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Wednesday, 9 March 2011

Unexpected pleasures

I know I am fortunate, my life is good but there are some days that are extra special.  The sort of days where, as in all good children's stories I go to bed Tired But Happy.  I had been looking forward to last Friday and joining with two friends in a continuous reading of the King James Bible at the Bath Literary festival.  This year is the 400th anniversary of this elegant English translation which, for more than 300 years, was the standard text in nearly all English speaking churches.

Because of our busy diaries JTH and I travelled separately, I got to take the train., meaning I could knit all the way, and arrive in Bath without having to find somewhere to park the car.  A Very Good Start.  The weather, cold and brilliantly sunny, was perfect for exploring the small streets and squares.



On my way from the station to find the church of St Michael's Without where the reading was to take place, I spotted a sign to WOOL.  A moments hesitation only and I dived off Pierrepoint Street,

down


and into


And there was Wool  a new shop owned by the lovely Laura Batten






Two ladies sat on a large comfy sofa in the middle of the shop discussing patterns and suitable yarn.  For a knitter (and and self confessed hoarder of yarn) this was like the best sweet shop in the world.  I drifted from Rowan to Debbie Bliss to Noro but my biggest oohs and aahs were saved for this hand-spun in the subtlest soft shades of blue, pink, yellow, green...




Then I spotted this



and one of the shop ladies and I got chatting about blogging, my post about the rescued battery hens and how this lovely wool comes from rescue sheep.  The sheep are called Zidane, Benson, Violet, Ruby and Clementine, a micro flock,  kept just on the outskirts of Bath by shepherdess Caroline Davey.  The yarn is un-dyed, comes in several subtle natural shades, smelling evocatively of lanolin.



In my beeline for Wool I had not noticed anything else but as I retraced my steps back up Pierpoint Place I spotted the wonderful crafty emporium Country Threads. 



Its a tiny shop packed full of haberdashery and all things patchworky.  Its window display is fabulous. In Jane Austen's novels there is much talk of young ladies shopping in Bath for ribbons to trim their dresses and bonnets - perhaps some of the shop windows would have looked a little like this at the time.


In Bijoux Beads  facing Abbey Green I bought silver wire and charms.  I plan to knit some jewelry... one day. Not having enough time right now does not seem a good enough reason for restraint.


Enticed into The Makery Emporium in Northumberland place by the sight of ribbons hanging from old wooden cotton reels I found myself in conversation with people in the shop about interfacing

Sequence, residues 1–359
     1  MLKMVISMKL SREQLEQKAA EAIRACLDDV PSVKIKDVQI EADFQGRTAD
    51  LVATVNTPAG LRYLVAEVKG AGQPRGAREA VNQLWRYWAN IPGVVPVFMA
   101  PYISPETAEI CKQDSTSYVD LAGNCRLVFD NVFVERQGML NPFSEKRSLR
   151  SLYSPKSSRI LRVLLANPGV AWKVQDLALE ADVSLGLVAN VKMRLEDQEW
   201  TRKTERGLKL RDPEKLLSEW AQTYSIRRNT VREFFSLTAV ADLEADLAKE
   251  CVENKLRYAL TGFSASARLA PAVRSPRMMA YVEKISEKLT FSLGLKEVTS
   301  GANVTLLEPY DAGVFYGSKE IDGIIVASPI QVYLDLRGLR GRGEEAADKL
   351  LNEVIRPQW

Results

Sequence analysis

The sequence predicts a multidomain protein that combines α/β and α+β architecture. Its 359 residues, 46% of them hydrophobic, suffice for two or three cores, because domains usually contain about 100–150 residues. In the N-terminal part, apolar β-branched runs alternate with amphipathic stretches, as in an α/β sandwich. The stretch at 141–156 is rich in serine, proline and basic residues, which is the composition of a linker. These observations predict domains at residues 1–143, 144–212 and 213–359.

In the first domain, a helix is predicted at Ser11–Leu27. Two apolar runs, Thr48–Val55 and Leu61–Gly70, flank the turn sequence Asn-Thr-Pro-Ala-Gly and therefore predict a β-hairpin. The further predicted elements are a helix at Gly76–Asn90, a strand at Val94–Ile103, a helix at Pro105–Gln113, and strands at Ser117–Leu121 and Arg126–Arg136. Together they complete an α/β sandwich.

The conversation went something like this

Man :- I've just discovered what interfacing is
Woman :- what, something on the PC?
Man :- No it's something you iron on to fabric
Me:- Well you can get iron on, non iron and woven and non woven (I can't help being a know all)
Man:- now I'm confused again

I found all sorts of treasures here, deciding in the end to buy some tiny little metal labels that say 'made for you' and 'made with love', like dog tags for the things we make.  I intend to work the labels into the presents I am knitting (in the same way as beads can be incorporated)

Joining my friends in St Michael Without we spent an hour taking it in turns to read aloud from the books of Daniel and the minor prophets.  This is my dear friend Lizzie's partner MB reading some particularly dire warnings from Hosea



JTH was delayed by traffic and did not arrive untill dusk, when the light on the abbey church turned the stone pink reminiscent of the cathedrals and castles of Spain and Southern France



Our hotel was in beautiful Georgian Queens Square, from where we walked to our supper at a corner table in a cosy intimate restaurant, on the first floor of a tiny back street house, returning later to St Michael's to hear more reading in the now darkened church.

As I said, we ended the day tired but happy...

xx

C







10 comments:

The undomesticated scientist said...

sounds like it was a wonder full day. a place i must get round to visiting (and must take lots of money with me too i think)

Shani said...

Thank you so much for reminding me about Bath... My best friend lives there and I forget all about it when planning a crafty day out... I could combine both pleasures at once...
Best wishes Shani

Jan said...

You have brought back memories of the time our daughter was at Bath university when there was always an excuse to visit this lovely town. What a good day you had.

Knitrageous said...

Your day sounds positively delightful! Thank you for the pictures allowing me to share!

Jessicah Win said...

What glorious shops to stumble upon. It makes me want to get on a plane!

robinintheuk said...

Wonderful post... fabulous photographs! What a spectacular, almost magical day!! Thank you for your kind words on my blog...

spinndiva said...

What a wonderful way to spend a day! Glad you had such a good time! You make me wish to jet over there. Loved England and the people on my last visit long, loooooong time ago!

Florrie said...

Bath looks a wonderful place to visit, the array of wool/craft shops look very inspiring.

Thanks for your lovely comment.

florrie x

Tracy said...

I've always loved Bath for its more obvious delights, but I feel that you've just shown me a Bath that would be much more exciting to explore. Your pictures are delightful and very sweetshop-like.

Thank you for visiting me too. It is always a pleasure to find such kind comments.

Scrapiana said...

Lovely to read about Bath from a visitor's point of view. If you fancy returning on 16th April, here's a really good excuse: http://scrapiana.com/2011/03/28/slow-art-day/